I am writing you from the Silverdale Public Library. I get a whole hour this time to email instead of 30 min at the MTC. It's still timed though. So I am in the field!! I feel really overwhelmed. Might as well come out and just say it. Yesterday was hard and and the same time it wasn't too bad. We woke up at 3:45 am to make it to the MTC travel office at 5am. ( I miss the MTC sooooooooo much. ) There were 19 of us on a charter bus that took us to the Salt Lake airport. I slept most of the way there since I knew I didn't get much sleep the night before and that would be the last nap I would take in the next 18 months. I didn't feel nervous at that point, because I didn't really know what to expect.
Once we all made it to the airport and went through security we found any available payphone we could find to call our families. Airport patrons definitely took note of us. 19 young men and women strolling through the terminals in dark suits and skirts were a sight to be seen. A lot of people waved and encouraged us on as we walked. Most people just stared. We all were looking for people to talk to and potential listeners to lessons we were hoping to teach them in the boarding area or on our flight. I sat near a lady that was by herself and we got to talking. I couldn not tell if she was LDS or not and did not want to make any assumptions like she was. So I just began by asking how she was doing and why she was flying into Seattle. She said she lived in Everett, WA and she was out in UT visiting some family. She asked where we were going and when we told her Tacoma, she asked if we were going on our missions. So I was still under the impression that she was not a member. I asked her where her seat was and that the odds of her sitting by one of us [ missionaries] on the flight was pretty high. Her next few responses caught me off guard. She said, "Yes, I might be seated next to one of you. But there isn't anything you could teach me." I thought for a quick second and felt impressed to ask her, "Oh, why is that?" I thought maybe she just wasn't interested in the Gospel. She then said, "Because I have been a member my whole life so I don't think there is anything I haven't already learned." I wanted to cry. I couldn't believe she felt like she had learned everything she needed to know. That she had reached her gospel learning limits and that her testimony couldn't be strengthend or that it wouldn't even be worth her time for us to try to share a simple spiritual message with her.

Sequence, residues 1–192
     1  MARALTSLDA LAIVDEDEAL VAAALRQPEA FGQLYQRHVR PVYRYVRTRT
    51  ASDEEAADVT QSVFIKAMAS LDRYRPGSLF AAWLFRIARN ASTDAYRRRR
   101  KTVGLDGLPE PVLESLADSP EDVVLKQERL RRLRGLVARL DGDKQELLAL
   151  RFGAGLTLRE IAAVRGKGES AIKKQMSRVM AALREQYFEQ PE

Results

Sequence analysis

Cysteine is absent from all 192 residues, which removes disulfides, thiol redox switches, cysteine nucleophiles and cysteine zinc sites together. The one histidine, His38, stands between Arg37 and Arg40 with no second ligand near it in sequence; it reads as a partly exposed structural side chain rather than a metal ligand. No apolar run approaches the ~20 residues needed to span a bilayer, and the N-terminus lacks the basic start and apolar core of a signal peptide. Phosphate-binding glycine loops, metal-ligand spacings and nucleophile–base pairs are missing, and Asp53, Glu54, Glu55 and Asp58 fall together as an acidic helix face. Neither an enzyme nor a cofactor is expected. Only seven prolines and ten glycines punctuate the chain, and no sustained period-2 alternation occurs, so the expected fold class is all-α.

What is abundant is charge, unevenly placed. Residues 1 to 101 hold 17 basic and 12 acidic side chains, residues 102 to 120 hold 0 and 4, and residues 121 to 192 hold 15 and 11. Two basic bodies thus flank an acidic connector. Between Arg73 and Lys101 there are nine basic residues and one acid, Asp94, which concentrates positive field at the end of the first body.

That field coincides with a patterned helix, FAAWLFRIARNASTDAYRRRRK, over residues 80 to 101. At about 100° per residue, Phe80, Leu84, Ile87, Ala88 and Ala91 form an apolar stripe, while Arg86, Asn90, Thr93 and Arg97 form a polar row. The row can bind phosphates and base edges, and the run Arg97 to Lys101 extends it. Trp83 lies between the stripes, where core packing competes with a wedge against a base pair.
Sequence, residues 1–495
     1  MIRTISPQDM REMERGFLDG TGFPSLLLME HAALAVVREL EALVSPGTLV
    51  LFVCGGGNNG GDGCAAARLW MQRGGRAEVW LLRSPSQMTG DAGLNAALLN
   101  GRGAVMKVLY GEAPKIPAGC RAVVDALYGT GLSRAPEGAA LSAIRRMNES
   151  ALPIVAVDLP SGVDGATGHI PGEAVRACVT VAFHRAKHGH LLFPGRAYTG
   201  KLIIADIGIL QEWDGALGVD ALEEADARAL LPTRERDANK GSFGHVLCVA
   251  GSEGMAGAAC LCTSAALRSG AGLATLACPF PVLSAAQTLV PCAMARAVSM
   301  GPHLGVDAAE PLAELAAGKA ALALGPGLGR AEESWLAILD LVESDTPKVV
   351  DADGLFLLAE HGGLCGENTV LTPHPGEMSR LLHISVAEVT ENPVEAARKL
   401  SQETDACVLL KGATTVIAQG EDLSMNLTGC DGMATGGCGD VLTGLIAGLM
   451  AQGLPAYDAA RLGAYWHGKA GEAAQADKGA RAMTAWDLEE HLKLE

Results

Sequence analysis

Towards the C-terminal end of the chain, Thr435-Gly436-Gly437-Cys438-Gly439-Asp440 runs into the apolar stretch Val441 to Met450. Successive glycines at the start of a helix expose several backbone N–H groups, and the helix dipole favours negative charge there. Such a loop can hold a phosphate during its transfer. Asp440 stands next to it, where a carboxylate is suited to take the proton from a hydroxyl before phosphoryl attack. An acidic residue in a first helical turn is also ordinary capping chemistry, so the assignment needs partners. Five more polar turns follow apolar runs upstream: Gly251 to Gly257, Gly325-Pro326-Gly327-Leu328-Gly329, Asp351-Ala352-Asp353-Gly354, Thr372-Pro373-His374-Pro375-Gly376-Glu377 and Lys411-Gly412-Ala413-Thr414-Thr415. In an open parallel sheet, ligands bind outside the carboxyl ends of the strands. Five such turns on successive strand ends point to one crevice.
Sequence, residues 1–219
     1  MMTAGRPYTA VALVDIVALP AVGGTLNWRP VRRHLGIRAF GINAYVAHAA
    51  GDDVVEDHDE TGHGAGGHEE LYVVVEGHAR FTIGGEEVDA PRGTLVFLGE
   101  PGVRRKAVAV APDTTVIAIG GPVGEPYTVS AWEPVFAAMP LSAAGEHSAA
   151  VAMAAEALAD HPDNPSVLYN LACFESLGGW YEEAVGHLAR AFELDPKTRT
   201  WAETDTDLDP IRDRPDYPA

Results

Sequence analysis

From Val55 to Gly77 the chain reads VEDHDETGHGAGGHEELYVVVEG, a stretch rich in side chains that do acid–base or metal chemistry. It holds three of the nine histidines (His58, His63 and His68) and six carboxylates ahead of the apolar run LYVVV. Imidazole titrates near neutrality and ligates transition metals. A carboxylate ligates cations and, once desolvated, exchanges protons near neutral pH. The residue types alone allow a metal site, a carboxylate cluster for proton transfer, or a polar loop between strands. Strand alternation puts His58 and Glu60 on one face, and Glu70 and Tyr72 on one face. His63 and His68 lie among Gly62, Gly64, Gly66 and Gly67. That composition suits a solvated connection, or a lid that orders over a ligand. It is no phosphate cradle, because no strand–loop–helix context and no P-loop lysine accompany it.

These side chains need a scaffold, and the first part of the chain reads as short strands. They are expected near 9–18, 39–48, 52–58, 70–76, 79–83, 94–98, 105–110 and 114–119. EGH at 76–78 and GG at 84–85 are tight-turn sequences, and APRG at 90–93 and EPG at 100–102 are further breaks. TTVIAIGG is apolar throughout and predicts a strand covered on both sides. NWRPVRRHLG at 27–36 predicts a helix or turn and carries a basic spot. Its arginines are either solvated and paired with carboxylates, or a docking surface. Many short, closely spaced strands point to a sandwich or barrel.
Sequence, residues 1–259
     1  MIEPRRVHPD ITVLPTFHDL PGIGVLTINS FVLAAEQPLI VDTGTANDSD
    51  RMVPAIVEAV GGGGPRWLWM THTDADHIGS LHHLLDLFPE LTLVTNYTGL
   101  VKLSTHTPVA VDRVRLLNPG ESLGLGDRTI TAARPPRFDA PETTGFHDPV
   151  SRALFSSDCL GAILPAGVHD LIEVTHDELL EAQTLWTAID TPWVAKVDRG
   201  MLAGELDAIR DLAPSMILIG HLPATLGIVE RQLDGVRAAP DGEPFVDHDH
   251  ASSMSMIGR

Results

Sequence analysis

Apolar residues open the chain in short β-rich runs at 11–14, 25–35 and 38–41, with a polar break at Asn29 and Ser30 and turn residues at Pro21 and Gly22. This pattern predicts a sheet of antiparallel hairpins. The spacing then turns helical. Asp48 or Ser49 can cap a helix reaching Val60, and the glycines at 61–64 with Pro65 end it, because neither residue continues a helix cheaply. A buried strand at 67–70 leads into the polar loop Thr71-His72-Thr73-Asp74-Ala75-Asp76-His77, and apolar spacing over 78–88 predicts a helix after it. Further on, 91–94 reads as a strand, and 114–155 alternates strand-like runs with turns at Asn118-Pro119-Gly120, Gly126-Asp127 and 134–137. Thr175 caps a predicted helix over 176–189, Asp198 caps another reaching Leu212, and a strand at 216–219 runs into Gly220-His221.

Members are a HUGE key to successful missionary work. If missionaries are not working with the members they are not only working a lot HARDER than they have to be in regards to finding people to teach, but we are not working smarter. Please, please, please, help the missionaries. Even if it just means letting them speak with you for 5 minutes about a message that they are dying to share with the world.
We landed at around 9:30 am and it was semi-overcast. A little on the cool side, but not rainy. I was one of the first missionaires off the plane and was greeted by several pairs of stareing eyes. Then the coolest thing happened. A young guy in his mid 20's came up to us and said "Hi, Sister where are you headed on your mission?" My nerves were immediately calmed when he said he was a member of a ward in Tacoma. He congratulated us all when the rest of the group gathered outside of the jetway. I could not help with silently proclaim, "Hoorah, for Israel!" in my head.
President Bowen and Sister Bowen along with his two AP's (assistant to the President) met us at baggage claim to help us get our luggage and take us all down to Tacoma for a mini orientation and Mission Transfer meeting. The sisters rode with Sister Bowen. On the way she asked us why we wanted to serve a mission. I told her my story, one story that I haven't told many, if not any, of you. I told her that I had a dream. This was a dream unlike any I had ever had nor ever had since then. In my dream I was with my Mom and Dad and we were driving in the car. We were all just talking and driving but I didn't know where we were going but I didn't ever bother to ask either. After a while, Dad pulled the car up to a curb. I looked out the window and I realized we were at the airport. I thought it was a little strange but I just followed my parents inside. Once inside, I was greeted by all of the friends and family members that I have ever known, loved, respected, and looked up to. Coaches, teachers, neighbors, classmates, roommates, cousins. After talking to many of them, there was a silence. I looked around to find them all looking at me. Something in their eyes told me that they were there not to greet me but to see me off. But where? I didn't know. There was not a visible airline banner or marquee that mentioned where the flight was going to. Suddenly I had two suitcases and the pilot was calling my name over the airport intercom. "Sydney, we are waiting for you. They need you now." I looked back to my parents and they nodded as if to tell me, "Yes, go. They need you." I took the suitcases and began walking towards the jetway. Still unsure of where I was heading but knowing that they were right. I need to go. After looking back at everyone as I pulled my luggage, I realized I needed to turn around and continue forward towards the plane. I waved one last goodbye and then I disappeared from sight. Then I woke up.